Beyond Paradise [NOOK Book]

Overview

"How would you like to go to paradise?" asks Louise Keller's father, a Baptist minister who has accepted a position as a missionary on the small island of Panay. Fourteen-year-old Louise, a writer of poetry who chafes at small-town life, is eager for the change. But the new experiences Louise has dreamed of soon turn nightmarish: when the Japanese bomb Pearl Harbor, the war, which had seemed so far away, rapidly threatens their island existence.

This unusual first novel is based on true accounts of the ...
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Beyond Paradise

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Overview

"How would you like to go to paradise?" asks Louise Keller's father, a Baptist minister who has accepted a position as a missionary on the small island of Panay. Fourteen-year-old Louise, a writer of poetry who chafes at small-town life, is eager for the change. But the new experiences Louise has dreamed of soon turn nightmarish: when the Japanese bomb Pearl Harbor, the war, which had seemed so far away, rapidly threatens their island existence.

This unusual first novel is based on true accounts of the imprisonment of American citizens in Japanese detention camps in the Philippines during World War II.

Jane Hertenstein will donate a portion of her royalties for this book to help build houses for residents of Smokey Mountain, a large garbage dump in Manila where hundreds of people live under scraps of metal and cardboard.
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Editorial Reviews

Anne O'Malley
"How would you like to go to paradise?" Louise's minister father entreats one day. "Paradise" is the tropical island of Panay in the Philippines, where the family can move to a missionary compound. It's 1941, and Louise Keller looks forward to moving any place away from her humdrum Ohio town where life with her clergy family is tightly restricted. Adventure beckons and possibilities abound in the Pacific in the beginning months, and then World War II and the Japanese invasion of the Philippines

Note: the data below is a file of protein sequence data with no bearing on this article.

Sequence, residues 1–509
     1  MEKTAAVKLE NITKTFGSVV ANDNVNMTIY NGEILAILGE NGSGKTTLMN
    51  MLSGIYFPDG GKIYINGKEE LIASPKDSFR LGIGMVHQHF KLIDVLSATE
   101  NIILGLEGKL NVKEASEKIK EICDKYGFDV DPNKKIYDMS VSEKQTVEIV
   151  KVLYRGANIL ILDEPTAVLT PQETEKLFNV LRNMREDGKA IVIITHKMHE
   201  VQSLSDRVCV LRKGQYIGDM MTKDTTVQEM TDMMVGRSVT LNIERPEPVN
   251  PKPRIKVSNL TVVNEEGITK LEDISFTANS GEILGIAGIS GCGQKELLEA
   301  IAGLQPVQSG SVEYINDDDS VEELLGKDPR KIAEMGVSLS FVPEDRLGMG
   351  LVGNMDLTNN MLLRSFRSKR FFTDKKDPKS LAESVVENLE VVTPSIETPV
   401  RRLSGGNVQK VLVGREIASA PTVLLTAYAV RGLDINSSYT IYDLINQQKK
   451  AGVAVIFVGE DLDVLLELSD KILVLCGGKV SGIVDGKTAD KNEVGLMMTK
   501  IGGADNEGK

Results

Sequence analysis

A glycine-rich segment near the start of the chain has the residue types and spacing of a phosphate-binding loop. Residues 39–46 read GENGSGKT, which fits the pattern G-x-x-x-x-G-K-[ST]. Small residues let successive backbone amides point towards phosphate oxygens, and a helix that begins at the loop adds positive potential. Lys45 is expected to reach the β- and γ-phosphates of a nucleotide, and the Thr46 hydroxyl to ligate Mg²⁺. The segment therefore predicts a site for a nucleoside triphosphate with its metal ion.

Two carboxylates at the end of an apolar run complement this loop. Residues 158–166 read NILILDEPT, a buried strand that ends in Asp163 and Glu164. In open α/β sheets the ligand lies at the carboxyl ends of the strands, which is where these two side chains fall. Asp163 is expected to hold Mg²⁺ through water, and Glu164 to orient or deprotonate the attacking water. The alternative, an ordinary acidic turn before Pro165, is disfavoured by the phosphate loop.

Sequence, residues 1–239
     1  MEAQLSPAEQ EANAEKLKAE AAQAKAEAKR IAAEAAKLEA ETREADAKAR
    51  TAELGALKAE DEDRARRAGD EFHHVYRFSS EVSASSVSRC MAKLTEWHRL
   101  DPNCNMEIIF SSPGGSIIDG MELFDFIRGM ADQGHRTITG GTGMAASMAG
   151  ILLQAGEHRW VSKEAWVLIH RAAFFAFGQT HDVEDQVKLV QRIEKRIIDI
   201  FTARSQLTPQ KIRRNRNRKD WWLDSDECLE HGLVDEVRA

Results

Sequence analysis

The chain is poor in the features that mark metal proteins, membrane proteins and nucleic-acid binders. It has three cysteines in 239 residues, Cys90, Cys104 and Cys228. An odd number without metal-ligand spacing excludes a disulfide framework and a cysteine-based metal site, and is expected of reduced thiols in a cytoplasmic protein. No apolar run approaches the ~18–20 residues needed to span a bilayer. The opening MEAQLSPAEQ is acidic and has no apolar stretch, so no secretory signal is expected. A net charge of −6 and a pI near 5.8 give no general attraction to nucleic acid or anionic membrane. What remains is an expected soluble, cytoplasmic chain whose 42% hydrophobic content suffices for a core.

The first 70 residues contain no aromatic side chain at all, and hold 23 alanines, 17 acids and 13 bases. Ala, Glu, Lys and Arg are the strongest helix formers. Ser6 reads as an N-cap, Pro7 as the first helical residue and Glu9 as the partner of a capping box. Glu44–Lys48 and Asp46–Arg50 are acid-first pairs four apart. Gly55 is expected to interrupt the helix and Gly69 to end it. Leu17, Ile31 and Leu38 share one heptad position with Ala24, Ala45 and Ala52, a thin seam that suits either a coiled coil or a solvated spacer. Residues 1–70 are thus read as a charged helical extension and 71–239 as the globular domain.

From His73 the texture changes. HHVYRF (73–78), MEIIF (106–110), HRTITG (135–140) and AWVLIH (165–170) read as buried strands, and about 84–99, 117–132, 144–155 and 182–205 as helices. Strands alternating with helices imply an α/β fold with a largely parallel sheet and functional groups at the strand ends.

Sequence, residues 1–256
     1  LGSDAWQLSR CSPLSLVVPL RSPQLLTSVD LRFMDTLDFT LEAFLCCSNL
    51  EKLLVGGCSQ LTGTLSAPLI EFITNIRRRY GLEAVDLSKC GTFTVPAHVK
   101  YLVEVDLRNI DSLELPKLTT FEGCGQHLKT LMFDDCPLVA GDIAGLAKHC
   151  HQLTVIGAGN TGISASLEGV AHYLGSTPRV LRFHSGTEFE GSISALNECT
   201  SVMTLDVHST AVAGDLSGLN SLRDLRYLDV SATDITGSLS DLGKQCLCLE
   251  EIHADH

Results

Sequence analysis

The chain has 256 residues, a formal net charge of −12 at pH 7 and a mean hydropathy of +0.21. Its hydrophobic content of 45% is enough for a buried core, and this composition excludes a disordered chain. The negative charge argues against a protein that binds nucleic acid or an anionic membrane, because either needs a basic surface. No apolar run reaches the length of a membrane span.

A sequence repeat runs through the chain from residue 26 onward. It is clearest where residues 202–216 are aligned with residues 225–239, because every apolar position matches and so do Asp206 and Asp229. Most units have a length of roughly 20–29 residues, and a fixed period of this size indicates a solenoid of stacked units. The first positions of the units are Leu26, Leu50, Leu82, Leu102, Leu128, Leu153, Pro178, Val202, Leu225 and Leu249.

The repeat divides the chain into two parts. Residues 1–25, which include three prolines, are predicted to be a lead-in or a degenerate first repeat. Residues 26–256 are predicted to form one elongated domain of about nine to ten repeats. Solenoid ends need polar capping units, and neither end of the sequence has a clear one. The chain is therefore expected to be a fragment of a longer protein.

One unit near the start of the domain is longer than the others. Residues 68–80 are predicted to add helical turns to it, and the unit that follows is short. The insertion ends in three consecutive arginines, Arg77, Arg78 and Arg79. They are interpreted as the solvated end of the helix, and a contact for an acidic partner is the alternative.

Copyright 1999
During WWII in the Philippines, American citizens trapped in the war zone were imprisoned for years by the Japanese, events that provide the context for Hertenstein's first novel, which focuses on one 14-year-old, Louise. Louise's minister father is captured in Manila, leaving her and her weak-willed mother to face life alone with other Baptist missionaries on an outlying island. The colony escapes into the hills for a time, but is discovered and interned in a concentration camp. Eventually they
Tim Rausch
Grade 6-9-Using firsthand accounts from survivors of Philippine internment camps, Hertenstein creates an interesting and unique story. Fourteen-year-old Jean Louise Keller, the daughter of a Baptist minister, moves from Ohio to a remote Philippine island when her father accepts a missionary position there. Following the Japanese bombing of Pearl Harbor, he is separated from his wife and daughter. As the war moves closer, Louise and her mother escape to the jungle with others from their compound
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Product Details

  • BN ID: 2940013461888
  • Publisher: Jane Hertenstein
  • Publication date: 11/30/2011
  • Sold by: Barnes & Noble
  • Format: eBook
  • Pages: 168
  • File size: 104 KB

Meet the Author

Jane Hertenstein is the author of Home is Where We Live: Life at a Shelter Through a Young Girl’s Eyes (picture book), Orphan Girl: The Memoir of a Chicago Bag Lady (with Marie James), and Beyond Paradise (YA fiction). She has taught mini courses in memoir at the university level as well as seminars at Cornerstone Festival, Prairie School of Writing. Jane is listed on the Illinois Artists Roster. Roster Artists are certified by the Illinois Arts Council to work in public schools introducing young people to the arts. She lives in Chicago where she facilitates a “happening” critique group.She blogs at http://www.memoirouswrite.blogspot.com
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Sort by: Showing 1 Customer Reviews
  • Anonymous

    Posted June 5, 2000

    Chilling story beautifully told.

    Ms. Hartenstein writes gently, subtly, about a horrible experience: interrment in a WWII prison camp in the Phillipines. The main character's lovely poetry is sprinkled through the story, giving real contrast between the horror experienced in her life, vs. the sweetness of her inner world. A hard topic to handle for young readers, but Ms. Hartenstein does it expertly. I highly recommend it, and will look for more by this author!

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